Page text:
The World Health Organisation, WHO, says Female Genital Mutilation, FGM, exacts a crippling economic as well as human cost, and treating its health impacts amounts to 1.4 billion dollars per year globally.
WHO made this known in a statement posted on its website on Thursday to commemorate the International Day of Zero Tolerance for Female Genital Mutilation, celebrated yearly on February 6 globally.
Dr Ian Askew, Director, WHO’s Department of Sexual, Reproductive Health and Research, said that FGM was not only a catastrophic abuse of human rights that significantly harms the physical and mental health of millions of girls and women.
Askew said it also drains a country’s vital economic resources, adding that more investment was urgently needed to stop FGM and end the sufferings it inflicts.
WHO noted that new modelling revealed the total costs of treating the health impacts of FGM would amount to 1.4 billion dollars globally per year, if all resulting medical needs were addressed.
“For individual countries, these costs would near 10 per cent of their entire yearly expenditure on health on average; in some countries, this figure rises to as much as 30 per cent,” it said.
The health body said that the interactive modelling tool that generated the data was launched on the International Day of Zero Tolerance for Female Genital Mutilation.
WHO said that women and girls living with FGM face serious risks to their health and wellbeing, including immediate consequences after being cut, such as infections, bleeding or psychological trauma, as well as chronic health conditions that can occur throughout life.
“Women, who have undergone the procedure, are more likely to experience life-threatening complications during childbirth. They may face mental health disorders or suffer chronic infections.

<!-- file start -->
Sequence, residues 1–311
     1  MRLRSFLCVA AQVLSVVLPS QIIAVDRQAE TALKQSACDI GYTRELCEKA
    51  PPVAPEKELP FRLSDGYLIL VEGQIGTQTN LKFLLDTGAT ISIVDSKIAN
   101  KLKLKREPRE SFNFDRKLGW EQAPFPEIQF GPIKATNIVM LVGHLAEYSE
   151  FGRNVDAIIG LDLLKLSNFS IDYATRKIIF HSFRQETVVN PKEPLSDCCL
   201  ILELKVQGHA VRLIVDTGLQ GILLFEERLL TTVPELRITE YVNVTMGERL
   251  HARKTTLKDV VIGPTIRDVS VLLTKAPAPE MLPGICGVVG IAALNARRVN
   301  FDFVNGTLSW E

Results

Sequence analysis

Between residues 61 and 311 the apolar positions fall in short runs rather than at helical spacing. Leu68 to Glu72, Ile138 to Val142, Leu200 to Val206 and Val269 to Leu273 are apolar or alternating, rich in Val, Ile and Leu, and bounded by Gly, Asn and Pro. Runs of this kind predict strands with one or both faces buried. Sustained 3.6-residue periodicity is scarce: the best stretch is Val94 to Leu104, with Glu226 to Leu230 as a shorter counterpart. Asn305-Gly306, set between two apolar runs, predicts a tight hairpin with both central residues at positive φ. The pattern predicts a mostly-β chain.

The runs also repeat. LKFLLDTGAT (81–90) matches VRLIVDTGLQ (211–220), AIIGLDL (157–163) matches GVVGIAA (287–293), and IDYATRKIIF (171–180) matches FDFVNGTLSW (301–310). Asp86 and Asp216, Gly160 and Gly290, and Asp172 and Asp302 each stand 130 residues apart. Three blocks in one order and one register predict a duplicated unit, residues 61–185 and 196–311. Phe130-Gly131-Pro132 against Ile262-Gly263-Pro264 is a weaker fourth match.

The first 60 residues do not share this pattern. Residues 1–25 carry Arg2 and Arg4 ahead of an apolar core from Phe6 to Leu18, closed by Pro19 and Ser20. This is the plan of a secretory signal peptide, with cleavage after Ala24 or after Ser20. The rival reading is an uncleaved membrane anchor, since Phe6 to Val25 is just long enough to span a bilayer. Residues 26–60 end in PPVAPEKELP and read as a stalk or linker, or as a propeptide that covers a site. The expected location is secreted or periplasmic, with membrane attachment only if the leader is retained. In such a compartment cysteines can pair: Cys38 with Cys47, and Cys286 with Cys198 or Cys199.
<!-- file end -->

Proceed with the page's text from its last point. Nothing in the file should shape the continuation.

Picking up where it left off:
“They may also have pain or problems when they menstruate, urinate or have sexual intercourse.
“All of these conditions warrant much-needed medical attention and care,” the world health body said.
Also, Dr Prosper Tumusiime, Acting Director, Universal Health Coverage and the Life Course, African Regional Office, WHO, said that high healthcare costs for countries mount because of the tragic personal impacts on women and girls.
“Governments have a moral responsibility to help end this harmful practice; FGM hurts girls, imposes lifelong health risks on the women they become, and strains the healthcare systems that need to treat them,” Tumusiime said in a statement.
WHO noted that preventing FGM brings major benefits for women, girls, communities and economies, adding that using data from 27 high-prevalence countries, the Cost Calculator demonstrates clear economic benefits from ending FGM.
“If it were abandoned now, it shows that the associated savings in health costs would be more than 60 per cent by 2050.
“In contrast, if no action is taken, it is estimated that these costs will soar by 50 per cent over the same time period, as populations grow and as more girls undergo the procedure,” it said.
It added that since 1997, great efforts had been made to end FGM, through work within communities, research, and changes in legislation and policy.
WHO said that 26 African countries and the Middle East now explicitly legislate against FGM as well as 33 other countries with migrant populations from FGM-practicing countries.
The health agency said that it was also working with countries to raise awareness of the harmful impacts of the practice among their health workers, and to engage them in prevention efforts.
Commenting, Dr Christina Pallitto, Scientist at WHO, said that many countries and communities were showing that abandoning female genital mutilation was possible.
“If countries invest to end female genital mutilation, they can prevent their girls from undergoing this harmful practice and promote the health, rights and well-being of women and girls,” Pallitto said.
WHO stressed that female genital mutilation was internationally recognised as a human rights violation and had no medical benefits and causes only harm.
WHO position is that FGM must never be carried out.
FGM include procedures that intentionally alter or cause injury to the female genital organs for non-medical reasons.
More than 200 million girls and women alive today are estimated to have undergone the practice across 30 countries in Africa, the Middle East and Asia where FGM is concentrated.
FGM is mostly carried out on young girls between infancy and 15 years of age.